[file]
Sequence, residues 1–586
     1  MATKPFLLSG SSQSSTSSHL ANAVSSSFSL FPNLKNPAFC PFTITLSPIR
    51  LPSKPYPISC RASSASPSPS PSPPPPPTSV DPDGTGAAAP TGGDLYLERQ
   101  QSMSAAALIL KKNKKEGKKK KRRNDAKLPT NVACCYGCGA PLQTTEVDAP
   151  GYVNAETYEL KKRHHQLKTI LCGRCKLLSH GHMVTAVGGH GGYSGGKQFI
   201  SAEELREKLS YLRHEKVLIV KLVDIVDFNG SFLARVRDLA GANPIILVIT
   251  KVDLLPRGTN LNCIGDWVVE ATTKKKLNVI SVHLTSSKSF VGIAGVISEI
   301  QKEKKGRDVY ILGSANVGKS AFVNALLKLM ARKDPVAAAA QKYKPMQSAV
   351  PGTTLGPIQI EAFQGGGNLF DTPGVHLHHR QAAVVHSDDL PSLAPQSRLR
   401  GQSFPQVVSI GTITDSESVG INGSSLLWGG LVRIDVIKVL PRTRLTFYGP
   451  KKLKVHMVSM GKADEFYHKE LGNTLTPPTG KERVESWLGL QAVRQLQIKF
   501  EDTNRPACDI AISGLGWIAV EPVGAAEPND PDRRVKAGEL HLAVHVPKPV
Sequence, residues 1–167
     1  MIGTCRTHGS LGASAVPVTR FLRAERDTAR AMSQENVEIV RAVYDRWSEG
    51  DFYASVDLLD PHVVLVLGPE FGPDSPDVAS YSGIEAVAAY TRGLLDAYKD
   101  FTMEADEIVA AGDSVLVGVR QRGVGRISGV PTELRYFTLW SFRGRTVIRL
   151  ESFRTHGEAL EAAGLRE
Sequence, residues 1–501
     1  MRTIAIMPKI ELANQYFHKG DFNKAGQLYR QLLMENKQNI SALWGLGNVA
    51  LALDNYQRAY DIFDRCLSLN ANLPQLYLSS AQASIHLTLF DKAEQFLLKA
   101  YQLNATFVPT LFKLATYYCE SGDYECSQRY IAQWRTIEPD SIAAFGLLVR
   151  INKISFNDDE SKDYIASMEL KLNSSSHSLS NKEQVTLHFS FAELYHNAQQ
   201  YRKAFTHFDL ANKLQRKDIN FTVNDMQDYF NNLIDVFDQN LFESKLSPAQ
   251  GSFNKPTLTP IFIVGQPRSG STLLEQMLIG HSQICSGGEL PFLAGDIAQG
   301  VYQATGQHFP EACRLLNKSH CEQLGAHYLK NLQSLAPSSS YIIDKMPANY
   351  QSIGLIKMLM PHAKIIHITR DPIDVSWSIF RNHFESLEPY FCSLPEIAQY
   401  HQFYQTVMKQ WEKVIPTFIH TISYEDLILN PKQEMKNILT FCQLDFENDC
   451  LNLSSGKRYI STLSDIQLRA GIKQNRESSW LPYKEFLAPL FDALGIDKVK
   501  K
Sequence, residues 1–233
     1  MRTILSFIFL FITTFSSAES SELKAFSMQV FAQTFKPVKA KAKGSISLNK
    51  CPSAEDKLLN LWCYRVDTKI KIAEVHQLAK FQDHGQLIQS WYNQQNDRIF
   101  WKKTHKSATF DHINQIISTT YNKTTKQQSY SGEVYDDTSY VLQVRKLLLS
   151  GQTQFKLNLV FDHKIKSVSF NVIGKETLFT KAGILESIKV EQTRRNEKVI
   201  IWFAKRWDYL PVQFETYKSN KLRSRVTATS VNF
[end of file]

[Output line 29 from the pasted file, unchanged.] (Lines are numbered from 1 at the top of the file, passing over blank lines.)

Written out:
   501  K